Consequently, the trial court granted summary judgment to Plaintiffs NCAE, Nixon, Holmes, Beatty, Wallace, and deVille, declared that Sections 9.6 and 9.7 of S.L. 2013-360 " are unconstitutional with regard to teachers who had received career status before [26 July 2013]," and--after concluding those teachers had no other adequate remedy at law and would suffer irreparable harm otherwise--permanently enjoined the State from implementing and enforcing the Career Status Repeal. The trial court also permanently enjoined the State from implementing and enforcing the 25% Provision, which it concluded " violates the constitutional vagueness doctrine because it provides no discernible, workable standards to guide local school districts in its implementation" and is " inextricably tied" to the Career Status Repeal because it is " predicated on the revocation of career status as of 2018" and thus " cannot be severed from the unconstitutional revocation of career status." However, the trial court denied summary judgment on Plaintiff Link's claims, and therefore granted summary judgment to the State against all claims on behalf of teachers who had not yet earned career status, reasoning that such teachers lacked standing to bring these claims because " [p]robationary teachers who have not yet received career status do not have contractual rights that are protected by the Contract Clause or the Law of the Land Clause."
The State gave written notice of appeal on 3 July 2014, and, on 7 July 2014, Plaintiffs also gave written notice of appeal.
II. The State's Appeal
A. The Career Status Repeal violates the Contract Clause of the United States Constitution
The State argues that the trial court erred as a matter of law when it granted summary judgment to NCAE and the five teachers who had already earned career status based on its conclusion that the Career Status Repeal violated the Contract Clause. We disagree.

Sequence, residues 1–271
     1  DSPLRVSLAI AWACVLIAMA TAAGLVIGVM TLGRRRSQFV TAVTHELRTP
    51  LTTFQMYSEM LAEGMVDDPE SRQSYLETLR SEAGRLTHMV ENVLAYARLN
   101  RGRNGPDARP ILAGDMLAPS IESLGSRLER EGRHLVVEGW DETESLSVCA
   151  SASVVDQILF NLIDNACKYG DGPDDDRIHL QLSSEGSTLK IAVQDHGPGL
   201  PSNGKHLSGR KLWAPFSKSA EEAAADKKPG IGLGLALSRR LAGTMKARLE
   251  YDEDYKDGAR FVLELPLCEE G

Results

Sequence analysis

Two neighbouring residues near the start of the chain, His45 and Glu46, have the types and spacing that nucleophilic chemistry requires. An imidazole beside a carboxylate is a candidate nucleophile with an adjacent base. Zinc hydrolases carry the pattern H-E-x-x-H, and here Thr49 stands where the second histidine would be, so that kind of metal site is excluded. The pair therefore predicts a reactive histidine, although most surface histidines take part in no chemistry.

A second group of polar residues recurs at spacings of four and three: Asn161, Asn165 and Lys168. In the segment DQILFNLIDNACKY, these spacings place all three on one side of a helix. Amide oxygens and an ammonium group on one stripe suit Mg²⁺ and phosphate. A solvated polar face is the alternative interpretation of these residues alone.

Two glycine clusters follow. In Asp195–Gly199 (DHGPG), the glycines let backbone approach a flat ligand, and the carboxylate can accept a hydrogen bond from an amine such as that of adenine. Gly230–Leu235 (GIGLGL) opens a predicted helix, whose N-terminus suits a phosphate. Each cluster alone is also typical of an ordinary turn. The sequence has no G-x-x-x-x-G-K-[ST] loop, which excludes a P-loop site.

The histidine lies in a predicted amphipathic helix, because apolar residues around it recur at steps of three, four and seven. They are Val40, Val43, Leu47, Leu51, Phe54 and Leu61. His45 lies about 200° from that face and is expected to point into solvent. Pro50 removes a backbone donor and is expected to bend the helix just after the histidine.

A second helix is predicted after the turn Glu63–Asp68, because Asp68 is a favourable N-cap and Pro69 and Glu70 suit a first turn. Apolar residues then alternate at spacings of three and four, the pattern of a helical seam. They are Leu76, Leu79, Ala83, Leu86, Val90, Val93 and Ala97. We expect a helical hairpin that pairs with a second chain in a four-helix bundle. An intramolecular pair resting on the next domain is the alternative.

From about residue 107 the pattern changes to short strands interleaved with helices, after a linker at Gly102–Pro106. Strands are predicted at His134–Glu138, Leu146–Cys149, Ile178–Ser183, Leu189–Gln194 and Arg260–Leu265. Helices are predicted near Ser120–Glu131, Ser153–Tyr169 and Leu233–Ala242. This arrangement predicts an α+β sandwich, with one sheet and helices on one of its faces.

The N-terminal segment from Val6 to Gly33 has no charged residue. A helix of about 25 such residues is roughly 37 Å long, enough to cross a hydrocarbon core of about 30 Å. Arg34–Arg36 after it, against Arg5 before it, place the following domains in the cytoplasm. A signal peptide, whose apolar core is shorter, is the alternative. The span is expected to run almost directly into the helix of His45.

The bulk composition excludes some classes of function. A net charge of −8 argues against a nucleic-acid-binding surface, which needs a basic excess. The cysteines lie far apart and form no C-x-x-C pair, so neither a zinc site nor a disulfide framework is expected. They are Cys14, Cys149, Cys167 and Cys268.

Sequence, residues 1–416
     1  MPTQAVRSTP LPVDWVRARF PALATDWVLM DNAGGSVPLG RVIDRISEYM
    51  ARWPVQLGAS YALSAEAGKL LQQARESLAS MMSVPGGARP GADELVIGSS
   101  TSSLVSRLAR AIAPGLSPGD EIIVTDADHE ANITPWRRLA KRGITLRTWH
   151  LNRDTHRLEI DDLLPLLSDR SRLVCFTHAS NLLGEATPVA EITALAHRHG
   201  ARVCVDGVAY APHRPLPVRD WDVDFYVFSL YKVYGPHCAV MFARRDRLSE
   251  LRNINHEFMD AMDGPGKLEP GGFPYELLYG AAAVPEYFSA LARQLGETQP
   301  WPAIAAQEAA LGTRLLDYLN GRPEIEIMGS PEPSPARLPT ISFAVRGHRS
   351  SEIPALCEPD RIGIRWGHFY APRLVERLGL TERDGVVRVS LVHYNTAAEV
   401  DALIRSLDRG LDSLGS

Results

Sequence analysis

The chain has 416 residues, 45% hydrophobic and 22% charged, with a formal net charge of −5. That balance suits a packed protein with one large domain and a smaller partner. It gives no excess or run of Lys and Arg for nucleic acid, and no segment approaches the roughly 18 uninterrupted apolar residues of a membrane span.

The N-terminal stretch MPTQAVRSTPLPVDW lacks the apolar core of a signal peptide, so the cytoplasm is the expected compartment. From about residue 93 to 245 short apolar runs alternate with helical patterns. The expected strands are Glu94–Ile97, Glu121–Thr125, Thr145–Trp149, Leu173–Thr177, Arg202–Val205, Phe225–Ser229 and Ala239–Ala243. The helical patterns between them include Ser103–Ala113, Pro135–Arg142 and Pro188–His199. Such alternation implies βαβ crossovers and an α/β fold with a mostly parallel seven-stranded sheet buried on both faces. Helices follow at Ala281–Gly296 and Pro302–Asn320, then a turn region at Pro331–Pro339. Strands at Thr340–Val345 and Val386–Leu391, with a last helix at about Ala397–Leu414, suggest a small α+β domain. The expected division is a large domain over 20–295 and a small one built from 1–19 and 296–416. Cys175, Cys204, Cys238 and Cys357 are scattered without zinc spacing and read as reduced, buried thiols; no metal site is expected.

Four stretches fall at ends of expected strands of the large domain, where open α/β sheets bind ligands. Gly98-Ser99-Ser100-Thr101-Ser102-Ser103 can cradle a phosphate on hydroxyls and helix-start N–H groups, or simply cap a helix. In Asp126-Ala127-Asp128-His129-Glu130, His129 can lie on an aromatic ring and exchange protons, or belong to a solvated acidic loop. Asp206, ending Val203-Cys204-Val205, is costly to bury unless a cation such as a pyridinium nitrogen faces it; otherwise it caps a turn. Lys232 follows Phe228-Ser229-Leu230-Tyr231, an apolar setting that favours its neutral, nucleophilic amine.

" The standard of review on appeal from summary judgment is whether there is any genuine issue of material fact and whether the moving party is entitled to a judgment as a matter of law." Hyatt v. Mini Storage on Green, __ N.C.App. __, __, 763 S.E.2d 166, 169 (2014) (citation, internal quotation marks, and brackets omitted). Summary judgment is proper " if the pleadings, depositions, answers to interrogatories, and admissions on file, together with the affidavits, if any, show that there is no genuine issue as to any material fact and that any party is entitled to a judgment as a matter of law." Id. (quoting N.C. Gen. Stat. § 1A-1, Rule 56). This Court applies a de novo standard of review to orders granting or denying a motion for summary judgment. Id.
To determine whether a state law violates the Contract Clause of the United States Constitution, our State's appellate courts apply a three-factor test that examines: " (1) whether a contractual obligation is present, (2) whether the [S]tate's actions impaired that contract, and (3) whether the